Healthcare Professionals Reviews On COVID-19 Vaccine


When the coronavirus pandemic started, there were many people frantically looking for a vaccine to prevent people from spreading the virus. The two vaccines that are being distributed are the Pfizer and Moderna vaccine.
The Pfizer vaccine is given in two doses that are 21 days apart. This vaccine has to be stored at freezing temperatures in an ultra-cold freezer, thermal shipping container or a refrigerator until it is given as a shot into the recipient’s upper arm muscle.

The Moderna vaccine is not stored at these temperatures, still in an ordinary freezer, and the second dose is given a month after the first one.
Since initially, the vaccine is limited the people that have the ability to be vaccinated are healthcare professionals, long-term care facility residents and medical first responders.

Since the vaccine received emergency approval and is brand new, people want to know how the vaccine is given and what side effects a patient may experience from the vaccine. A helpful way to understand this is by talking to people who have been able to receive the vaccine.

Tina DellaVentura Silver, LCSW, a psychotherapist for Middlesex Hospital in the outpatient psychiatric department, got the Pfizer vaccine on December 21, 2020. She states “it felt totally normal, like a flu shot” when compared to other vaccines. She feels privileged to be in the early stages of getting the vaccine and is very grateful. When signing up, Ms. Silver received a message from the CDC VAMS, Vaccine Administration Management System, and was given permission to sign up for the vaccine appointment. Middlesex Hospital made multiple appointment days available. After being asked about allergies, medical status, prior vaccines, and other medical history, she received the vaccine and received her second dose on January 13, 2021.

Dr. Traci Eydman, working for emergency medicine and family medicine has received the Moderna vaccine. She said it “was not painful, with a pinch and a little sting.” In her opinion, the flu shot was more painful than the vaccine shot. Dr. Eydman only had a sore arm that lasted about 24 hours, similar to the effect of a tetanus shot. As one of the first groups to receive the vaccine, she felt a feeling of hope. This is the first step back into normalcy. Working for Quinnapiac, Dr. Eydman stated that there are a lot of vaccines available, and it is not too chaotic to sign up through VAMS.  The need is for people to give and distribute these vaccines. Overall, Dr. Eydman was able to share a lot of information about not only the present happiness with the vaccine distribution but also with the hope for what is to come and the possible approval of a new vaccine that can be stored at room temperature. The hope is that different groups of people of various ages and occupations including college students will be able to receive a vaccine before next school year. After receiving her first dose of the vaccine on December 24, 2020, Dr. Eydman is looking forward to her second dose on January 21, 2021.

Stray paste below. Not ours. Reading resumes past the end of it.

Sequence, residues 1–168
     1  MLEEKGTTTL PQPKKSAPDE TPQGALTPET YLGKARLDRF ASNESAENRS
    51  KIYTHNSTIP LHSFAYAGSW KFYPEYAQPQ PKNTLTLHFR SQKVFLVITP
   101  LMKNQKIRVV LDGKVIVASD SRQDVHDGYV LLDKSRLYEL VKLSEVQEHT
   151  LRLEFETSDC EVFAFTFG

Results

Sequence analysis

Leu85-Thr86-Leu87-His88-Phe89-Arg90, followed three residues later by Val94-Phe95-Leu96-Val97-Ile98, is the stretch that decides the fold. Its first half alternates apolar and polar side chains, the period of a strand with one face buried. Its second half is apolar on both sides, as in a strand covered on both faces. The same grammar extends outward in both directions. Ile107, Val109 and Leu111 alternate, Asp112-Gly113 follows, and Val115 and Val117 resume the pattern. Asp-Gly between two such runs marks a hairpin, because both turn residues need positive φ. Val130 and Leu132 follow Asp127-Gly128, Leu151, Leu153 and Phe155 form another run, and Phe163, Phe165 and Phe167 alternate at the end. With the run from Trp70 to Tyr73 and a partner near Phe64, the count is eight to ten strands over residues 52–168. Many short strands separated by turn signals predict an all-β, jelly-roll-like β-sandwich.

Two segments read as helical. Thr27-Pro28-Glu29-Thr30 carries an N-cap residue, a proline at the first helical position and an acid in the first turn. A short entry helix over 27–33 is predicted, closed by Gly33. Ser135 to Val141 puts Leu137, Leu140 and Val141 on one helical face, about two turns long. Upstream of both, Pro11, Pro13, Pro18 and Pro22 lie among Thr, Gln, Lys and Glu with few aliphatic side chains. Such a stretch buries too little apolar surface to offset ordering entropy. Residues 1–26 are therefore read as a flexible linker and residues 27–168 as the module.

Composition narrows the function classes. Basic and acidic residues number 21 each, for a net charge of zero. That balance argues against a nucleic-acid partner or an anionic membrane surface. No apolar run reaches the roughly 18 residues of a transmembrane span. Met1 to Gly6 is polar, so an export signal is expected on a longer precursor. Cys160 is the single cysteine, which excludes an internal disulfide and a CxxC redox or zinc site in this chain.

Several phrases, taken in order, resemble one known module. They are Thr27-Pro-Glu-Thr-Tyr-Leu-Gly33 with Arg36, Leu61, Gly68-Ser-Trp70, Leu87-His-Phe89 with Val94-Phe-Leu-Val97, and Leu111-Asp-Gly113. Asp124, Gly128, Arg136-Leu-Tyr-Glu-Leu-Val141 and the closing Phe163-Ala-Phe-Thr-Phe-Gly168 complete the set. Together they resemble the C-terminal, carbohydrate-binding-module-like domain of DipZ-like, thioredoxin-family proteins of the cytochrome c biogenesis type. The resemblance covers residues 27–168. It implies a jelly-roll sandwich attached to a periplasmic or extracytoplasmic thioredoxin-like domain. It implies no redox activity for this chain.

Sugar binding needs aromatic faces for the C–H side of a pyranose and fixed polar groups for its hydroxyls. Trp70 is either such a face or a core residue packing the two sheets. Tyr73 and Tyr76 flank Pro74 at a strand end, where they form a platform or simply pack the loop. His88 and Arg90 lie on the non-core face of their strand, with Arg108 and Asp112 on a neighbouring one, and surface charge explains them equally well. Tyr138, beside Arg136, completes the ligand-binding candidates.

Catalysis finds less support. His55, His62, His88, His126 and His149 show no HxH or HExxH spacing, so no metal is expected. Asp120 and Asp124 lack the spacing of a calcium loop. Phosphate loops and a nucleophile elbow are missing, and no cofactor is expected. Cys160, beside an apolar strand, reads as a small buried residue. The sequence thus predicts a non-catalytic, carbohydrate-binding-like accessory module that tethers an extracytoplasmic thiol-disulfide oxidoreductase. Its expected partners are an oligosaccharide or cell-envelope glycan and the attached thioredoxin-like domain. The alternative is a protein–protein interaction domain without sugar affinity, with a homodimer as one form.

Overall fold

Mandy McJunkins, another healthcare professional working for Middlesex Hospital, was vaccinated.

She said “I feel working in a medical facility it is my duty to get it. It also sets an example for my patients.” She feels confident in the many clinical trials that resulted in the vaccine. She received both doses of the Pfizer vaccine. She said that about three hours after her first dose, her arm was a little sore, and with the second dose, the pain was more prevalent. Icing where the injection was and taking Tylenol eased the soreness. The other side effect experienced was fatigue, which went away within 24 hours. “Being a part of the first round was really exciting,” she states. She related this experience to her father receiving the first polio vaccine as a child saying it is nice to be a part of history. Ms. McJunkins had received the first dose of the vaccine on December 19, 2020, and her second dose 21 days later on January 8, 2021, and now has the complete Pfizer vaccine.

These vaccines are going to take us into the future allowing college students to return to campus, larger gatherings, and an overall healthier community.  For more information on the vaccine and any questions, you can visit the CDC.